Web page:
Legitimate Tips and Techniques to Start an Emergency Fund

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Saving is probably one of the most difficult things to do. Considering the fact that bills are in every corner of the things we do, saving money might seem like a dream to most.


Tips on how to start an emergency fund
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It is imperative, however, to have an emergency fund. Many of you might not know what an emergency fund is but don’t worry, we will, in the simplest form, try and let you understand what an emergency fund is. Moreover, we will give you techniques on how you can start an emergency fund even if you are at a low monthly income rate.

Emergency fund vs. Savings

Although it technically is the same, an emergency fund is not to be used unless it is an “emergency.” Instances like unemployment, medical-related issues, a broken car part, home renovations, these things are what emergencies are.

Read: Best Finance Applications for Budget Management and Investments

Savings, on the other hand, is the type of fund that you use for something specifically. A vacation, a new car, a new business, new cellphone—you get the point.

So although would require you to put away money, both of them are two (2) completely different things.

How much should an emergency fund be?

Emergencies include losing your job; where you can have no income for a few weeks to a month depending on the situation.

Ideally, an emergency fund should be somewhere between three (3) to six (6) months worth of your monthly income.

Read: 10 Money Habits Every Filipino Should Stop Immediately

For instance, if you earn P20,000.00 on a monthly basis, a safe figure to have as an emergency fund is somewhere between P60,000.00 to P120,000.00.

However, that figure is incomparably high considering the fact that the prices of goods and commodities went up while the monthly income was left as is.

Which is why we figured that an emergency fund is a variable that is dependent on the following of a specific person:

  1. Lifestyle
  2. Hobbies and interests
  3. Situation

Nevertheless, it is safe to finally conclude that an emergency fund should be at least two (2) months worth of income.

How can you start an emergency fund?

Help in starting a savings for emergency fund?
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This question is something we see that is thrown a lot of times; how do you start saving money? How do you budget? What are the basics of investing?; are the corresponding questions that are normally asked by people who want a change in their financial direction. Many people find it difficult; some people find it easy and manageable—the sole answer lies on how you look at it an how disciplined you are.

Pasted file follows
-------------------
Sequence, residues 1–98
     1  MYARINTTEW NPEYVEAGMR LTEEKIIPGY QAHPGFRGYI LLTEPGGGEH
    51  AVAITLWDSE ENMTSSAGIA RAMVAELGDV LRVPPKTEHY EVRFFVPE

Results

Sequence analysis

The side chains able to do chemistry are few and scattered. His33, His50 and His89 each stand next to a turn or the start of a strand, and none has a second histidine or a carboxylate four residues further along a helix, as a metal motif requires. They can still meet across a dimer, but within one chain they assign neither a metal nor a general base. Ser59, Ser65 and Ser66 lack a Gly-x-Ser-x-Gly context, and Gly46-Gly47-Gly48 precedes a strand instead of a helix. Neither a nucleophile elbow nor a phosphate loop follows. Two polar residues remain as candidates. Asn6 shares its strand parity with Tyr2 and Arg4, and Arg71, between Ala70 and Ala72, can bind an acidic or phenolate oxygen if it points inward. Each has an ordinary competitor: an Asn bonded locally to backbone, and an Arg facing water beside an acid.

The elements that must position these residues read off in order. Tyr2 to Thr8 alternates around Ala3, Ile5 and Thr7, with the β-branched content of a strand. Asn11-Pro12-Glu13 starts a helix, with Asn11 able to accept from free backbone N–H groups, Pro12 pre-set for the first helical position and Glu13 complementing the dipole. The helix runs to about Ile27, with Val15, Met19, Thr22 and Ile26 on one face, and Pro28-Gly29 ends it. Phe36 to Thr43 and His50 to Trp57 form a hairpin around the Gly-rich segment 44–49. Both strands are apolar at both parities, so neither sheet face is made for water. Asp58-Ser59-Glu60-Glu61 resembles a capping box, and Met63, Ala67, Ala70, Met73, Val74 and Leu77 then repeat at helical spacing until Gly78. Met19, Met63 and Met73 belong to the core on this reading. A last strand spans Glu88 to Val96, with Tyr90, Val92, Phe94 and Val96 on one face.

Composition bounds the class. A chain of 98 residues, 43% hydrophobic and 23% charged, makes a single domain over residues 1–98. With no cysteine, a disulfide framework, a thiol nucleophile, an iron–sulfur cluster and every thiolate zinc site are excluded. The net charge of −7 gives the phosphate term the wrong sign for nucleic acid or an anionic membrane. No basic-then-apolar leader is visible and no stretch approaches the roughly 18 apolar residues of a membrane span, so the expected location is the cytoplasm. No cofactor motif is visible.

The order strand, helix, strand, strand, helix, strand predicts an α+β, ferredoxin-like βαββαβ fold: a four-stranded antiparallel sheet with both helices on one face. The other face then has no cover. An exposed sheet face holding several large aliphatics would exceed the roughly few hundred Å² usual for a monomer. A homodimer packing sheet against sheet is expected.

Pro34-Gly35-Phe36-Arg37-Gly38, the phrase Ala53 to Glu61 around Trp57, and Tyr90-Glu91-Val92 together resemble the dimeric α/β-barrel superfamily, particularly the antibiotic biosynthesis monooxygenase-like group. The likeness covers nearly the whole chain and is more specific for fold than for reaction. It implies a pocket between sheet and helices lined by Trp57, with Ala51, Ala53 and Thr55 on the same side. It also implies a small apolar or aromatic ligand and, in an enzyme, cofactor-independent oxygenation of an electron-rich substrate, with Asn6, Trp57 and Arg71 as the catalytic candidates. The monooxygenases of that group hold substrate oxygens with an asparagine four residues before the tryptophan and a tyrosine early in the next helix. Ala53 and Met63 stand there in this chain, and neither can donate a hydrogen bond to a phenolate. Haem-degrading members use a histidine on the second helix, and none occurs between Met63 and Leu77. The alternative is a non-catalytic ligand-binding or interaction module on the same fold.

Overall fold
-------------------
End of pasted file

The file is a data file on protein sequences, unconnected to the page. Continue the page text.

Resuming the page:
Searching for this online can allow you to find a couple of answers; but all of those are generic. We have prepared a few legitimate ways on how you can start an emergency fund.

Read: Money saving Tips: The 52-week money challenge

Discipline is the first step

In almost every aspect of your financial goal, discipline is the first and initial step to success. Discipline towards how you spend, what food you eat, vices, and other things would dictate whether or not you can be successful in saving money.

Controlling your needs over your wants can be an effective method to serve as a guideline on how you can start an emergency fund.

Do little steps and by one step at a time

Adjusting to putting away a part of your income could be challenging at first but once you get used to it, it’s as easy as 1-2-3. Try to do it one step at a time; make it somehow a normal part of your budget. Once you get used to this procedure, you won’t mind it eventually.

Read: Saving Money For A House Down Payment In Less Than 2 Years? Here’s How

Try and save up a few hundreds to a thousand pesos every time you receive your income. If you are paying for a loan or payable of some kind, it might be difficult at first—so you can start or by putting off little by little amount.


Find the best place where you can keep it

You need to decide where you want your fund is to be kept. This is an essential part on how you can start an emergency fund because you need to keep where you can easily access it in case, of course, of emergency.

One of the best options is to have a savings account. By placing it in a savings account, you can easily access it; you can monitor it online; and you can even do transactions with other people without having to go to a branch.